Small town, big ideas
Pamela Broviak, PE, lives where she works. As the city engineer/director of public works for LaSalle, Ill., she knows her town and its residents intimately. She feels that working in a small town has definite differences from being in a large city.
“There is more contact and communication between personnel within public works and between the public works department and other departments, such as police and fire,” she said. “Another difference is our knowledge of the community. Most of us can visualize each block in town and usually we even know who lives on a particular street. Handling citizen complaints is easier when the person calling already knows us on a personal basis.”
This ability to “visualize each block” has served Broviak well in her town of 9796 people. “My fellow employees and the people in my community know that I genuinely care about them and our community and will always try to make the right decision,” she said. “I don't make too many major decisions without seeking input from our employees and from the public.”
The difficulty, however, of working in a small town, is that Broviak wears several hats. Since the position of building inspector hasn't been filled yet, she's been unofficially serving in that position until it is. The full public works staff comprises 21 full-time employees in the field, three temporary full-time workers in the field, one administrative position, one superintendent, and one public works director.
Because of the small department size, much work is outsourced. “We hire engineering consultants for major projects that cannot be completed in-house such as the design of a new wastewater or water treatment plant,” said Broviak. “Small sewer or water projects are done with our staff in cooperation with a local contractor. All large projects are sent out to bid. All architectural work is performed by a local architectural firm.”
The biggest hurdle that LaSalle has had to overcome in recent years is the age-old problem: money. Although Broviak feels that the public works department's budget is average for a city of its size, the money crunch is often felt in more ways than one. “The median income in our community is below average, and the mall built in a neighboring community in the 1970s decreased our retail base,” she said. “We are just now starting to slowly recover from that.”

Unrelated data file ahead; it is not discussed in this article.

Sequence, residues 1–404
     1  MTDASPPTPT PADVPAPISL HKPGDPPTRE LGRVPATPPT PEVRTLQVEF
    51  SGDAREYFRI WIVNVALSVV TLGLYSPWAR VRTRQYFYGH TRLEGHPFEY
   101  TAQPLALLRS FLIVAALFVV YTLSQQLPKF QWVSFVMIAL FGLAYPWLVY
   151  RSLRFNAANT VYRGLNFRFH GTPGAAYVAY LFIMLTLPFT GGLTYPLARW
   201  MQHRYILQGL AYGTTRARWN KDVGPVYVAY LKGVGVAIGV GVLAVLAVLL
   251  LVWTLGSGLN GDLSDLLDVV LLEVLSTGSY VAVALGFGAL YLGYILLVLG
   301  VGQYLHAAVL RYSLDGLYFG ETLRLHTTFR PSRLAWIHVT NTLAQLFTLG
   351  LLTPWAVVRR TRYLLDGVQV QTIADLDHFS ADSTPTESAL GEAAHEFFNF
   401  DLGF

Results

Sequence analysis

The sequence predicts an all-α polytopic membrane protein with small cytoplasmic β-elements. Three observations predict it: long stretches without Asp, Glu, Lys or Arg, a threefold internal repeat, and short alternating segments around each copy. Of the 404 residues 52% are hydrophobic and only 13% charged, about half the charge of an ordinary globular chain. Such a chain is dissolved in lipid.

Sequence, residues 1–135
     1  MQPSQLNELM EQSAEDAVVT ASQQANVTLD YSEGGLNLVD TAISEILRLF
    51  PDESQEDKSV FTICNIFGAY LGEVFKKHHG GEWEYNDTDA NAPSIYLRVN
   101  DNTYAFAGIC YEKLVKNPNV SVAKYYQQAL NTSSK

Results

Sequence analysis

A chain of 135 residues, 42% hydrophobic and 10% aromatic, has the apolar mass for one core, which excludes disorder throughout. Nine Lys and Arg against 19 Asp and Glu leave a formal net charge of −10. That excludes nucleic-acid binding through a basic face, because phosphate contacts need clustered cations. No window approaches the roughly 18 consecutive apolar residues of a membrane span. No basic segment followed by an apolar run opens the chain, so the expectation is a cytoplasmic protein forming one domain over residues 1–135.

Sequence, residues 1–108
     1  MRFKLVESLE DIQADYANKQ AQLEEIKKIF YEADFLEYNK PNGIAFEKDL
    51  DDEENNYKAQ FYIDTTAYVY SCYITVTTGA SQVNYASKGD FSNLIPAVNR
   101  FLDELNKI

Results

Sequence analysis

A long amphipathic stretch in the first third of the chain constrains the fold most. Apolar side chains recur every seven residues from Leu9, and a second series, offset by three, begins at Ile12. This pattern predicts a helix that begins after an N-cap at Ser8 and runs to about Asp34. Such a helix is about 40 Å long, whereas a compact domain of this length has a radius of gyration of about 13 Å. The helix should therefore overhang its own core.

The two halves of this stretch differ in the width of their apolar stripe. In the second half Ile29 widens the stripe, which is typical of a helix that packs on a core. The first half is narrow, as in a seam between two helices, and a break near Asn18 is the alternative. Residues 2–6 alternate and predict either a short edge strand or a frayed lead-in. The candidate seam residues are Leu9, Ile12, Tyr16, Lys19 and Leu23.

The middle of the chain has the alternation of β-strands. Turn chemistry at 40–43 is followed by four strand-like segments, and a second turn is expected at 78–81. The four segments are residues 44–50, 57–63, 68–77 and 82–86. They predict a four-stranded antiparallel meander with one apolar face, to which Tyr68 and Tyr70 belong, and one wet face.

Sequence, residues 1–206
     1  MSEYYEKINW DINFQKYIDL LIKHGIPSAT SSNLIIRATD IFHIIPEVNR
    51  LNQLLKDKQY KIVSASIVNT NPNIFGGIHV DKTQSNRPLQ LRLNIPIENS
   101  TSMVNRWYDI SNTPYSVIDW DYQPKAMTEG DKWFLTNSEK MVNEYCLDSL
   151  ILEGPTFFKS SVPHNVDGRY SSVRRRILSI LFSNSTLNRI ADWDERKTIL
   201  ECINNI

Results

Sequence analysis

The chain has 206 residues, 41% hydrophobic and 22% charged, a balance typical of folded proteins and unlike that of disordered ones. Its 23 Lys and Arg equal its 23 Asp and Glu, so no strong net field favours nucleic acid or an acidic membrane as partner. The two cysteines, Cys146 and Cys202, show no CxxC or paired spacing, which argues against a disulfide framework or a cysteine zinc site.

The town has, however, managed to maintain equipment and services without too many increases in the budget, even though the town's size has doubled in the past decade. “This has required some careful oversight of expenditures by our comptroller,” said Broviak. “We may have some challenges in the near future because we are expecting some significant development that will require construction of new facilities and addition of personnel in our water and wastewater systems.”
Broviak's previous experience with a larger city, Aurora, Ill. (population 143,000), has given her insight into how a larger town might work differently and how she might prepare for her town's new construction. “Each department [in Aurora] had significantly more personnel and there was less interaction between departments on a daily basis,” she said. “Also, the waste-water treatment operations were separate from public works.”
LaSalle, Ill., at a glance
PW budget: $3.73 million
Web site: www.theramp.net/lasalle
Largest current project: Project with the Illinois DOT to perform all water main work for the ongoing reconstruction project. This involves water main, fire hydrant, and service relocations.